Is The Packers’ 2019 Success An Indictment Of Mike McCarthy?

There’s a collective angst amongst most Cowboys fans.

Being that it’s been nearly 25 years since any level of championship success for America’s Team, the fanbase sits atop the mountain of rabid and paranoid bunches around the league. We look for any shred of hope, but the level of panic Cowboys Nation embodies can certainly get exhausting.

So when newly hired head coach Mike McCarthy’s former team looks way better off without him, that panic starts to creep in.

Following their most disappointing two-year run in the Aaron Rodgers era, Green Bay fired McCarthy, hired Matt LaFleur and began their journey to the NFC title game. It certainly looks like all the Packers had to do in order to get to the place Dallas hasn’t been since 1995/96 was fire the coach the Cowboys just hired.

Yikes.

Green Bay is enjoying life after McCarthy to the tune of a 13-3 season and NFC championship game appearance, but just how much of that has to do with McCarthy’s firing? Well, as usual in the NFL, some level of the Packers’ turnaround can be attributed to the new staff, but certainly not all of it.

Matt LaFleur is an awesome play designer.

Let’s start there. Under McCarthy, the Packers offense got stale in the final years. Once one of the most consistently efficient and explosive offenses in the league, Green Bay fell to 25th and 12th in passing DVOA over his last two years with the team. He and Aaron Rodgers did not get along, and McCarthy’s predictable play calling became a Packers Twitter meme (see: slant/flant combo).

Matt LaFleur is a bit like the anti-Mike McCarthy when it comes to modern play design. In 2018 the Packers ranked 27th in the league in play action rate (20%), but LaFleur’s increased the rate to 27% in one season. This increase has led to some chunk passing plays down the field, something LaFleur was able to generate in Tennessee off play action as well.

Despite the play action increase, Rodgers’ bread and butter remains the quick game. In fact 68% of the Packers’ dropback passes have been quick drops, indicating that LaFleur has adjusted his offense to match what his quarterback does best.

Where there was tension between McCarthy and Rodgers, the quarterback and his new head coach seem to have found a happy medium in terms of play-calling.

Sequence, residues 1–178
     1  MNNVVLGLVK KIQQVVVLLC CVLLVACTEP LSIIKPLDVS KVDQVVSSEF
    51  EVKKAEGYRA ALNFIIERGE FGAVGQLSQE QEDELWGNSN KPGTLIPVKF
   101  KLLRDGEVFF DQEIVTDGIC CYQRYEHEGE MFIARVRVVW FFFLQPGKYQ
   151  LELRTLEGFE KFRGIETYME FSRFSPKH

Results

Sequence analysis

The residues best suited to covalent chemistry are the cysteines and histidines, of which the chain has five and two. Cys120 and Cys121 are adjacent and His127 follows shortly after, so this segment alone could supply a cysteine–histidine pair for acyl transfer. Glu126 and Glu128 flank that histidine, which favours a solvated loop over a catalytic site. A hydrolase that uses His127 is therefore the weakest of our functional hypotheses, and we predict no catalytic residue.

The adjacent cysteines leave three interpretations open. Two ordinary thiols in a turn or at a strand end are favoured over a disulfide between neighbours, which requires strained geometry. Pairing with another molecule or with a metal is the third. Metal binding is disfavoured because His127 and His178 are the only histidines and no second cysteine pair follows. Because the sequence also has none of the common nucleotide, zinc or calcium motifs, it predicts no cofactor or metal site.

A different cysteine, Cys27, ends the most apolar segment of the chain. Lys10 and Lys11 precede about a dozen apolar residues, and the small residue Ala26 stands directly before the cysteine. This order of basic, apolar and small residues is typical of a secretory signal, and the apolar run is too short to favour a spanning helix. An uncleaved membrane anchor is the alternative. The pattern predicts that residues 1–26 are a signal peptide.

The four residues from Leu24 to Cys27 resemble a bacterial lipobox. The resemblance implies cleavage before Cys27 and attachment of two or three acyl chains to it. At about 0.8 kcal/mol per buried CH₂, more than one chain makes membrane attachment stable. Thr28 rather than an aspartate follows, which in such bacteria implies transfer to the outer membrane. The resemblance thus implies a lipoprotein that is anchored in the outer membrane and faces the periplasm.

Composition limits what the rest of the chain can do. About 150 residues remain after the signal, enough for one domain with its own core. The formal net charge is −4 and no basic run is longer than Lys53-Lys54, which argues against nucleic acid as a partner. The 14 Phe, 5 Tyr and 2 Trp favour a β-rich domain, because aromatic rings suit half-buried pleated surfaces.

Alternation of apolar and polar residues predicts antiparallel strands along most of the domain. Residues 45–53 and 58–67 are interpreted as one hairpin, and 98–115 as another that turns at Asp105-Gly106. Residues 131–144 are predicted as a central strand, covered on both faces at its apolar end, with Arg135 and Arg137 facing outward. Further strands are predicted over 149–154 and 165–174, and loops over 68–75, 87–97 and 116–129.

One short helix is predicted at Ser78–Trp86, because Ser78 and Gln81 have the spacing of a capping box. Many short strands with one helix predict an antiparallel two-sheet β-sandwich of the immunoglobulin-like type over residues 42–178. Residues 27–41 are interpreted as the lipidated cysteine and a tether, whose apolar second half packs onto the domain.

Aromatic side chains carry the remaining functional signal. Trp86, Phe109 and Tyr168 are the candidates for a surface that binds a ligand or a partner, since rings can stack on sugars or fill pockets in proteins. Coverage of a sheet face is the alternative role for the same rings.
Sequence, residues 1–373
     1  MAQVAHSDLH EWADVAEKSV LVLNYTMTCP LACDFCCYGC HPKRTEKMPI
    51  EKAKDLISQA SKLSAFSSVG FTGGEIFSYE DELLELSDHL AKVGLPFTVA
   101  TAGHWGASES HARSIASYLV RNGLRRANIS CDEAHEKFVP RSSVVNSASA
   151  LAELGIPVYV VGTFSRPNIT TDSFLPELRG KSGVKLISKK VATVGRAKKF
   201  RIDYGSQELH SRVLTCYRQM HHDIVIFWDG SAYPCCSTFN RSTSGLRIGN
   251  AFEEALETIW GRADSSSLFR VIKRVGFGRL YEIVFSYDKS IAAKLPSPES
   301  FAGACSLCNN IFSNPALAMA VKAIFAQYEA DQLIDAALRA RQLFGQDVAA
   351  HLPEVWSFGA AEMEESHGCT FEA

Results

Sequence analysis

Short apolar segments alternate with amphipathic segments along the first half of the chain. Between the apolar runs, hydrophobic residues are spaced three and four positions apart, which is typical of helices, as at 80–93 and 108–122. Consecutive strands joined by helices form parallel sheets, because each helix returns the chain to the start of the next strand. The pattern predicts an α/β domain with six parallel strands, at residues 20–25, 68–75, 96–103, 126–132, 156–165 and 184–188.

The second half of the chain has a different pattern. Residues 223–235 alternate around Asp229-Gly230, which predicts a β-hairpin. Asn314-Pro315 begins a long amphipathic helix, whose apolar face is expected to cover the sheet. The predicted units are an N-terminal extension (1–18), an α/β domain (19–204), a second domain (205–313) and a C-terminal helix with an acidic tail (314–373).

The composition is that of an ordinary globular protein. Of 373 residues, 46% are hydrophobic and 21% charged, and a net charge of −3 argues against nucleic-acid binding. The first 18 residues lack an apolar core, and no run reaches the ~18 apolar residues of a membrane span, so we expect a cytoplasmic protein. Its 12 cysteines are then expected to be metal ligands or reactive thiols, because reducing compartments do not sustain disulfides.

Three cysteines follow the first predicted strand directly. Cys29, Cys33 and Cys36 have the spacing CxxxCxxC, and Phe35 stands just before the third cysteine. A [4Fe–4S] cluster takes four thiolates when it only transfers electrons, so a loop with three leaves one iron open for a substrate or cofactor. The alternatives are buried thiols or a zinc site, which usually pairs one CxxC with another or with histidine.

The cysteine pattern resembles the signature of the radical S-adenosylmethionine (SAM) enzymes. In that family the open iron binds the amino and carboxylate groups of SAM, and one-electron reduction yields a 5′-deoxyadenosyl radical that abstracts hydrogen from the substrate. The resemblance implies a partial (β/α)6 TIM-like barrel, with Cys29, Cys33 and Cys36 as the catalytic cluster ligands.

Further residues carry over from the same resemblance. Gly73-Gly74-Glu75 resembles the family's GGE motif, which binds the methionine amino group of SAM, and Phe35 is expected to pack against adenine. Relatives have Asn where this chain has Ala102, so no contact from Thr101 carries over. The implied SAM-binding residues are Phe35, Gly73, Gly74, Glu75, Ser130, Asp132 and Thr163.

He doesn’t get talked about in this way, but what Matt LaFleur has done in terms of offensive design and play-calling is coach of the year type stuff. He’s as creative, smart, and open-minded on offense as advertised, and has allowed the Packers to find their identity over the course of the entire season.

While Rodgers has declined as a consistent passer and playmaker off script, LaFleur has found ways to deploy guys like Aaron Jones to make this offense as effective as possible.

Something Mike McCarthy really wasn’t able to do in 2018.

Don’t worry, though – this isn’t all about a coaching change.

While you may be panicking after the first section of this post, don’t fret too much. LaFleur has been an awesome influence on the formerly stale offense, but maybe the biggest reason for the Packers turnaround is what they did in free agency.

Especially on the defensive side of the ball.

Signing Za’Darius Smith and Preston Smith to massive offseason contracts was largely uncharacteristic for the Packers franchise, but it helped propel them to the heights they’ve reached this season.

The two edge rushers combined for 23.5 sacks in 2019, leading one of the most improved units in all of football. If not for these signings, who knows where the Packers would be this season – even with LaFleur’s influence on the other side of the ball.

Then there’s guys like Kenny Clark, Jaire Alexander, and Darnell Savage – young defensive playmakers that have taken huge steps under Mike Pettine in 2019.

Mike McCarthy has said all the right things during his comeback tour, earning him the job in Dallas and a five year contract. Whether or not it will be a success is yet to be seen, but the success of the Packers post-McCathy does not mean he will fail in Dallas.

This is a totally different team, with a much different (and so far better) staff around him. If McCarthy is serious about implementing new ideas into his offensive strategy, and utilizing analytics to the fullest effect, then he should be able to bring the Cowboys back to the postseason in 2020.

Unfortunately at this point – we just have to wait and see.

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